The 8,000 pound rocket made its way back to earth on Wednesday over Texas
A Chinese military rocket disintegrated over Texas on Wednesday, USNI News reported.
The rocket, which was launched from China, delivered military surveillance satellites to space in June and made its way back to earth on Wednesday over the United States.
The 8,000 pound rocket made its way back to earth on Wednesday over Texas.
The debris field could be miles wide and several hundred feet long, USNI News reported.
USNI News reported:
The second stage of a Chinese rocket that delivered a trio of military surveillance satellites to space in June disintegrated over Texas on Wednesday, USNI News has learned.
The four-ton component of a Chang Zheng 2D ‘Long March’ rocket punched through the atmosphere on Wednesday over Texas at 17,000 miles per hour and disintegrated, two defense officials confirmed to USNI News on Thursday.
U.S. military officials have yet to find any debris from the rocket stage, however, USNI News understands the debris field could be miles wide and several hundred miles long.
According to North American Aerospace Defense Command satellite tracking data, the stage was a piece of space junk in low Earth orbit before it made its unscheduled descent.
Based on the NORAD tracking data, the stage belonged to a mission that delivered three military electronic signals surveillance satellites that were meant to collect signals data from the South China Sea, astrophysicist Jonathan McDowell with the Harvard-Smithsonian Center for Astrophysics told USNI New on Thursday.
The rocket took off from the Xichang Satellite Launch Center on June 23 in central China.
Turmoil at Silicon Valley Bank triggers market panic: Four biggest US banks lose staggering $52 BILLION in valuation and Dow drops 540 points
SVB is battling cash burn due to declining deposits from tech startups struggling with a venture capital funding drought
- S&P 500 bank index fell more than 6% on Thursday in sharpest drop in two years
- Investors fled the financial industry following turmoil at SVB Financial Group
- Markets dropped more broadly as well with the Dow losing 540 points
Sharp losses in banking stocks led Wall Street’s main indexes lower on Thursday, as turmoil at Silicon Valley Bank’s parent company triggered investor fears about the stability of the financial sector.
The S&P 500 bank index tumbled more than 6% in its biggest one-day drop in over two years, after SVB Financial Group announced a massive equity raise to cover a $1.8 billion loss on the sale of investments.
The four largest US banks — JPMorgan Chase, Bank of America, Wells Fargo, and Citigroup — saw their share prices plunge between 4% and 6%, wiping $52.3 billion from their collective market capitalizations for the day.
Stocks fell broadly on Wall Street, with the Dow Jones Industrial Average dropping 543 points, or 1.66%. The S&P 500 lost 1.85% and the Nasdaq composite was down 2.05%.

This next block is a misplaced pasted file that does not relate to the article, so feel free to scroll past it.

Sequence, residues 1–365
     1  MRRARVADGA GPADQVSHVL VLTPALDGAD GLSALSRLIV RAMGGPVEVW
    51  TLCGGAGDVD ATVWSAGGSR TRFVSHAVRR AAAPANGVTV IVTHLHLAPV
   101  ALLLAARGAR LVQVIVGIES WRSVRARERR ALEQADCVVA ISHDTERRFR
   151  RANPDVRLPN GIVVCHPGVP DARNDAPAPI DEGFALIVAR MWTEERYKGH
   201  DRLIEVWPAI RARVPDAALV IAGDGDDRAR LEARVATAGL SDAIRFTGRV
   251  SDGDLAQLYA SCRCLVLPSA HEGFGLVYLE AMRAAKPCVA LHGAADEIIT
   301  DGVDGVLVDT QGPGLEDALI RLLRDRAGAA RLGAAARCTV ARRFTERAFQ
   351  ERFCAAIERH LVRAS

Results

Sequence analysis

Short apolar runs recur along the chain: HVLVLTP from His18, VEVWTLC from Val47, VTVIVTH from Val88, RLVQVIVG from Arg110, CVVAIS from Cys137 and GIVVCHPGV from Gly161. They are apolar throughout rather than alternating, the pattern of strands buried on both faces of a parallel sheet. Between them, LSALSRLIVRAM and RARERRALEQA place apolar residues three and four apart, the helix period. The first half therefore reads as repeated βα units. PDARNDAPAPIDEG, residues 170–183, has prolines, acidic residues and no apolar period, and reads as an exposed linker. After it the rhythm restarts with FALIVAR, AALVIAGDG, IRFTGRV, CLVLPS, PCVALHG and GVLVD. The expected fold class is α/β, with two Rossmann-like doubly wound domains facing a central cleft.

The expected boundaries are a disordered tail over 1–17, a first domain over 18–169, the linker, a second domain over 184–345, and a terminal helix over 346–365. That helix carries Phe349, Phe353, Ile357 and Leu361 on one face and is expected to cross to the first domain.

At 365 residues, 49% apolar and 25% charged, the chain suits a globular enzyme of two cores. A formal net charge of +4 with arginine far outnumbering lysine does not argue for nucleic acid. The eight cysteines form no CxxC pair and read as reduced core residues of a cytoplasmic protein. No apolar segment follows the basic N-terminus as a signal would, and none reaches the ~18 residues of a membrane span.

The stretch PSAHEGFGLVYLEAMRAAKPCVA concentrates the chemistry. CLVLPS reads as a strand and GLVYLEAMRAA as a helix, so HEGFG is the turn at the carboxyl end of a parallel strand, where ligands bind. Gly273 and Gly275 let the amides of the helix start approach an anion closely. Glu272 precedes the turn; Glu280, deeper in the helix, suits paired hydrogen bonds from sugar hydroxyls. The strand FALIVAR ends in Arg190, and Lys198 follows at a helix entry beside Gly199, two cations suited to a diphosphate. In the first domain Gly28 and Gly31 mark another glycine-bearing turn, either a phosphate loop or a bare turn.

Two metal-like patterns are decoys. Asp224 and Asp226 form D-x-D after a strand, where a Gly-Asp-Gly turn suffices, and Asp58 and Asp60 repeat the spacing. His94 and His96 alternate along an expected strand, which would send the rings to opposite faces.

Shares of SVB Financial, which owns Silicon Valley Bank, plunged more than 60% after the company announced a sale of new shares to cover losses on the sale of government bonds.
SVB is battling cash burn due to declining deposits from tech startups struggling with a venture capital funding drought.
The company’s assets and deposits had nearly doubled in 2021, and the bank poured much of those funds into US Treasuries and other government bonds.
But as rising interest rates battered the tech startups that the bank primarily serves, declining deposits forced SVB to sell off bond holdings — which in the meantime had plunged in market value due to the rising rate environment.
The turmoil at SVP sparked a selloff in peers with similar exposure, with San Francisco-headquartered First Republic slumping 16.52% after hitting its lowest level since October 2020.
Declines at the massive big four banks, while smaller in percentage, dragged markets lower, with the 5.4% loss at JPMorgan weighing more than any other stock on the S&P 500.
‘The Silicon Valley raise got everybody nervous about people’s capital levels and what deposits are doing. A lot of institutional investors don’t feel great about owning certain banks right now,’ said R.J. Grant, head of trading at Keefe, Bruyette & Woods in New York.
‘It just gets people freaked out because Silicon Valley, historically has been a very strong, well-run bank. If they’re having issues right now, people are wondering what about other banks that are lesser quality and that don’t have the reputation that Silicon Valley Bank has.’
SVB Chief Executive Greg Becker said cash burn by clients increased in February.
A crucial lender for early-stage businesses, SVB is the banking partner for nearly half of U.S. venture-backed technology and healthcare companies that listed on stock markets in 2022.
“While VC (venture capital) deployment has tracked our expectations, client cash burn has remained elevated and increased further in February, resulting in lower deposits than forecasted,” Becker said in a letter to investors.
The funding winter is a fallout of a relentless increase in borrowing costs by the Federal Reserve over the last year as well as elevated inflation.
At one point during trading on Thursday SVB’s stock fell almost 63%, hitting its lowest level since August 2016, after the lender slashed its 2023 outlook and launched the share sale.
The SVB turmoil raised investors’ concerns about broader risks in the sector.
Investors were also grappling with the decline of cryptocurrency-focused lender Silvergate Capital, which dropped 22% after saying late on Thursday it planned to wind down operations and voluntarily liquidate after it was hit with losses following the collapse of crypto exchange FTX.